If you are a fan of Sarabeth’s Kitchen, for instance, you can see her mouth watering creations being made, and on our tour, we savor a Sarabeth scone on which we heap our choice of her famous jam.  We even see Sarabeth herself scurrying throughout the bakery supervising her bakers.  (she requests no photos, so I just enjoyed my scone)  I have since discovered her jams locally, and there are now two jars in my pantry.

With each stop, Cindy tells an amazing story of the shop or the entrepreneurship of its creators or of the building itself.  With each story, a new dimension opens for us. 

Food TourLook at this picture.  Imagine a steam train riding down the middle, the vents opening in the roof to allow air to flow, etc.  The train is filled with the ingredients and products that have made Nabisco a household name.  The clock is from an old train station, and a great deal of money was expended to make it work.  The walls are an art gallery.  Presently exhibited are some extraordinary photographs. The photographer, Gregg Segal, posed today’s men in period dress at Civil War battle sites as the site currently appears.  Intriguing.  Another section of his work portrays Superheroes at Home.  Cute.

Food Tour
But let’s not stray too far from the food.  Let me give you a microbite of this great touring adventure, and show you just the places we had our taste buds delighted.

We begin in Eleni's where we have cupcakes.  But look at these creations.  This is art for tummy’s sake. 

Food Tour
Cookies of every imaginable shape, size, or theme!

Food Tour
Milk crates, ice cream, yogurt
 and "thank you" pictures from visiting schoolchildren
On to  The Ronnybrook Milk Bar where we enjoy chocolate milk to die for!  It is incredibly rich and creamy, and it comes from up in upstate New York.  While there is no cow in sight except in pictures, there are displays of butter, ice cream and yogurt. All for sale. To my total surprise, I have since discovered Ronnybrook's products in my local Warwick ShopRite and in Pennings Farmer’s Market in Warwick, New York as well as at the Florida Farmer's Market in Florida, New York.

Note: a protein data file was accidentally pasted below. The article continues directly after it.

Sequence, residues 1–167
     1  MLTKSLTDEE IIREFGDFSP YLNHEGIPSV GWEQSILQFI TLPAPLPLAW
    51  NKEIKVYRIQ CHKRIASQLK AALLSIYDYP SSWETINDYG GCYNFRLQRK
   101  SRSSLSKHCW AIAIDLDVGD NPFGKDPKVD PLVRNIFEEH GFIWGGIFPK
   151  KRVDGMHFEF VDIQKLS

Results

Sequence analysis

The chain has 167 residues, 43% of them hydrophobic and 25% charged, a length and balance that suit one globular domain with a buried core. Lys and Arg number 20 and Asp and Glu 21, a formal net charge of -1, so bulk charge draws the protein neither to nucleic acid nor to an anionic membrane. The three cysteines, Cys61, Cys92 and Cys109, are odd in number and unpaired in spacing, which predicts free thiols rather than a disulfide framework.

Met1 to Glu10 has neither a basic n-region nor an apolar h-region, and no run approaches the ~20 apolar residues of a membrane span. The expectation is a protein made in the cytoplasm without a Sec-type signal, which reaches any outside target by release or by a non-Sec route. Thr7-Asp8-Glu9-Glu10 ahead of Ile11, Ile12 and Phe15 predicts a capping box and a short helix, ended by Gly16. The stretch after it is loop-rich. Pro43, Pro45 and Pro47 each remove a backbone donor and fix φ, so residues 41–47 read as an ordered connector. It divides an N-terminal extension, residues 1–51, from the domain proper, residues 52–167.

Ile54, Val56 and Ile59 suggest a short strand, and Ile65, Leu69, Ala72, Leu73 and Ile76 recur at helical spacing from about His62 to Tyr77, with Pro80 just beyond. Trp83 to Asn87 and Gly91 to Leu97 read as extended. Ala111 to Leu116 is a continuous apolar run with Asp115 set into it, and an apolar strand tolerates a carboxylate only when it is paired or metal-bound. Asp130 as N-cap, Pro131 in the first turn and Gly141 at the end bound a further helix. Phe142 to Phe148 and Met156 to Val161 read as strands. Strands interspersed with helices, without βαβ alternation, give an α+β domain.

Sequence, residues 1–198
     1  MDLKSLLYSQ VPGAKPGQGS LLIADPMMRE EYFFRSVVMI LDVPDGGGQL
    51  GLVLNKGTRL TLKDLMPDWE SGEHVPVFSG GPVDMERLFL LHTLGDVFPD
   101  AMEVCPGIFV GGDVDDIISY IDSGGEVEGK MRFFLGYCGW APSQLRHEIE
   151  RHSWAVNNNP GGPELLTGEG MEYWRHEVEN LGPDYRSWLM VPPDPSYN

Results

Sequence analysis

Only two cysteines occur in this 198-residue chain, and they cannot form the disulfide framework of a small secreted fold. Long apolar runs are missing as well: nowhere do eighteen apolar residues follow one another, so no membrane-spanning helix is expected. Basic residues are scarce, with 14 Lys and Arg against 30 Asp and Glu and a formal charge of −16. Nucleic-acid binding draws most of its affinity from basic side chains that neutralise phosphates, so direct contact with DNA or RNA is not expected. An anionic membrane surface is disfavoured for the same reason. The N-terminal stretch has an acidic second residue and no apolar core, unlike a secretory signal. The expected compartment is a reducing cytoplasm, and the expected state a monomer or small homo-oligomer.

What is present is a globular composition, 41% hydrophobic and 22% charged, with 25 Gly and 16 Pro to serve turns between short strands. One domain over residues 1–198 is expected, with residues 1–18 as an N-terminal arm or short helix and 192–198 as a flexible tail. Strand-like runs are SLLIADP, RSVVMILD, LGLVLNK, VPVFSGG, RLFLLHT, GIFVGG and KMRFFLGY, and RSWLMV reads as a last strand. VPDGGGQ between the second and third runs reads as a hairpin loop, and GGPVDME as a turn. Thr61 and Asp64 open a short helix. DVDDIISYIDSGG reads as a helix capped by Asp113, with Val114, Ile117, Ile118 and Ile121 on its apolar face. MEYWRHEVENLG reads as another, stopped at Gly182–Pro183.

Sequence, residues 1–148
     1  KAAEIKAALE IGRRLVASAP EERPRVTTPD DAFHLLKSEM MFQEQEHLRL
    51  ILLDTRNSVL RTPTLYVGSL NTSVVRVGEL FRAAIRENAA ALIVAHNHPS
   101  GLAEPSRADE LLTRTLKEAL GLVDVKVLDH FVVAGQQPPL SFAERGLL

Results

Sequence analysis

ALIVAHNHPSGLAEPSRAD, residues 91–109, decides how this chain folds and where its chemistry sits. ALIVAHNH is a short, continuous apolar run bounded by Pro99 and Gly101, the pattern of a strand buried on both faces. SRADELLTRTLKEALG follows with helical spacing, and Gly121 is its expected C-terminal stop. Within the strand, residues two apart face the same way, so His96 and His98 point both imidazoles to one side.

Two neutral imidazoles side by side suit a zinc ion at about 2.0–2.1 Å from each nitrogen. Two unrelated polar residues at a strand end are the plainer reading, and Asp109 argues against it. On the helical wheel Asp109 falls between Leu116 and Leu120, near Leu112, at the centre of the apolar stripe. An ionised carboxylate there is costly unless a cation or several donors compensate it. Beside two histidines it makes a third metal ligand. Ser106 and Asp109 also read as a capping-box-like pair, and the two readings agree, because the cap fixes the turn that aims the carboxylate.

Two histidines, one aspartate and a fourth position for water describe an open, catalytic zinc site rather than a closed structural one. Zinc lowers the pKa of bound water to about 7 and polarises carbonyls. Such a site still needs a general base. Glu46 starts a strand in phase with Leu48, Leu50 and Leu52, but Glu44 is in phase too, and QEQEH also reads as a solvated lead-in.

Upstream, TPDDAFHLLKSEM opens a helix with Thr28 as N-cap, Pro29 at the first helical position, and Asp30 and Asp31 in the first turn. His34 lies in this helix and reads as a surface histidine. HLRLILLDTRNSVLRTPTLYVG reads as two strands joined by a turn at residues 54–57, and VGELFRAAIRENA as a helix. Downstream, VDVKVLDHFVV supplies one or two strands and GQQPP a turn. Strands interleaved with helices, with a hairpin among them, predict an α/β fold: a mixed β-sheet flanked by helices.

Food Tour
On to The Lobster Place where we have our choice of soups.  I have new England Clam Chowder.  Rob has Spicy Shrimp and Black Bean, but there are more choices.  One photo won’t suffice, so look at them all.  The sushi is tantalizing, the lobsters absolutely incredible, and the display is phenomenal.  BTW, The Lobster Place sells 100 million pounds of lobster a year.
Food Tour

Food Tour
oysters, anyone?
Just when you think you’ve had the best, you go to Buon Italia where we are served a mini feast at our own table; mini baguettes, cheeses, chippolini in balsamic vinegar, Sicilian olives, artichoke spread, mortadella, and more.  In Buon Italia, you will find everything Italian, and you will be thrilled.  Even outside the store you can buy fine store-prepared dishes.  Walking by the display case makes you salivate.
Food TourFood Tour

Food TourBut we are off to The Tuck Shop, an Australian Eatery.  Tucks are little pies filled with delicious savories, and they are Australian.  On our tour we had an Australian couple who, after tasting these tucks, declared them as authentic.  So, go ahead, visit this shop, and enjoy a real taste of Australia.

Food TourThink we are done?  Not quite.  We stop in Chelsea Market Baskets, a gourmet shop with just about everything tempting you can think of from just about any place you can think of.  It is a potpourri of fun items, beautiful items, and some very nice tasting.
Food Tour

After all of this, we need to take a walk, so we head to the High Line.  We can consider the High Line a work in progress, but it is so New York.  I will tell you about that, our walk through the meatpacking district, and our last stop at a very special Italian restaurant in another post.